Spot­light on north-east as top arts school opens doors

Ex­clu­sive: Deal to train gen­er­a­tion of as­pir­ing mu­si­cians and per­form­ers

The Press and Journal (Highlands & Islands) - - News - BY JOSHUA KING

One of the world’s best per­form­ing arts schools is to open its doors to the north­east in a move that will help dis­ad­van­taged chil­dren re­alise their dreams.

The Royal Con­ser­va­toire of Scot­land and Aberdeen­shire Coun­cil yes­ter­day an­nounced a “ground­break­ing” deal to train the next gen­er­a­tion of elite mu­si­cians and per­form­ers closer to their homes.

As­pir­ing young­sters cur­rently have to travel to Glas­gow to re­ceive train­ing from the academy which has taught Scot­tish greats such as Robert Car­lyle, James McAvoy and David Ten­nant.

But plans have now been put in place to open a new cen­tre at Fraser­burgh’s Dal­rym­ple Hall.

The move fol­lows the suc­cess of the Royal Con­ser­va­toire’s first “fair ac­cess” arts cen­tre launched at Dum­fries House in Ayr­shire last sum­mer, with the sup­port of Prince Charles.

The deal, which was struck at yes­ter­day’s meet­ing of the re­gion’s ed­u­ca­tion com­mit­tee, means lo­cal young­sters will have ac­cess to the Ju­nior Con­ser­va­toire pro­grammes in mu­sic, dance, act­ing and film.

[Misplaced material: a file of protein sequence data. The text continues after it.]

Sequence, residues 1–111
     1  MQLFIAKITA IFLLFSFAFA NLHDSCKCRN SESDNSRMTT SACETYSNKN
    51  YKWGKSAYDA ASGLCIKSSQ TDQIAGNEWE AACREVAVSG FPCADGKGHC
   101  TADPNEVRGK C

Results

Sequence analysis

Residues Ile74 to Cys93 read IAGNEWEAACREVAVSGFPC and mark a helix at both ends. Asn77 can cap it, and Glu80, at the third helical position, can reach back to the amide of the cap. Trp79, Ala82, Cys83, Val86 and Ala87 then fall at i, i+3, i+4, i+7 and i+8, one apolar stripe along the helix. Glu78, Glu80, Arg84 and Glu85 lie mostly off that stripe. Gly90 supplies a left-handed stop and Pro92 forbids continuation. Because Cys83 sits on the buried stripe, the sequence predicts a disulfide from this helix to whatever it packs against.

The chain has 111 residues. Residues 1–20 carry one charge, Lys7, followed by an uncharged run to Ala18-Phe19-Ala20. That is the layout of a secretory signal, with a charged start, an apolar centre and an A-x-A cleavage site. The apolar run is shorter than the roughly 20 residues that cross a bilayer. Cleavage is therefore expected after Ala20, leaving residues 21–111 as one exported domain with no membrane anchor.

The ini­tial agree­ment is for a three- year pro­gramme in Fraser­burgh and Aberdeen­shire with an an­nual con­tri­bu­tion set at £45,000.

The pro­gramme also opens up the award-win­ning Tran­si­tions 20/40 ini­tia­tive which of­fers per­form­ing arts ed­u­ca­tion to young peo­ple in the most dis­ad­van­taged parts of Scot­land.

Ex­ist­ing fa­cil­i­ties in the town – in­clud­ing the academy, col­lege cam­pus, sports cen­tre and dance stu­dio and the Dal­rym­ple arts cen­tre– will be used for the scheme.

Speak­ing to the com­mit­tee at Wood­hill House in Aberdeen, Royal Con­ser­va­toire di­rec­tor of aca­demic in­no­va­tion Andrew Com­rie said: “We know liv­ing ru­rally is a bar­rier for young peo­ple to ac­cess what we have to of­fer.

“It pre­vents peo­ple with am­bi­tion to study in the arts to an elite level from do­ing so. There are many peo­ple who sim­ply can­not af­ford to pay for it. They may have tal­ent, abil­ity and a dream but can­not af­ford to achieve it.”

Train­ing will be of­fered for free to stu­dents who are from the 20% most de­prived back­grounds or­who have grown up in care.

Mr Com­rie’s pre­sen­ta­tion was roundly wel­comed by coun­cil­lors.

Coun­cil co-leader Ali­son Evi­son said: “This is an in­cred­i­bly ex­cit­ing mo­ment for Fraser­burgh and Aberdeen­shire.”

And coun­cil­lor Iso­bel David­son, ed­u­ca­tion spokes­woman for the op­po­si­tion Al­liance group, added: “This is a great ini­tia­tive and will be a great as­set for Fraser­burgh.”

MU­SIC TO OUR EARS: Tal­ented young­sters will be trained in Fraser­burgh as the Royal Con­ser­va­toire opens a new cen­tre

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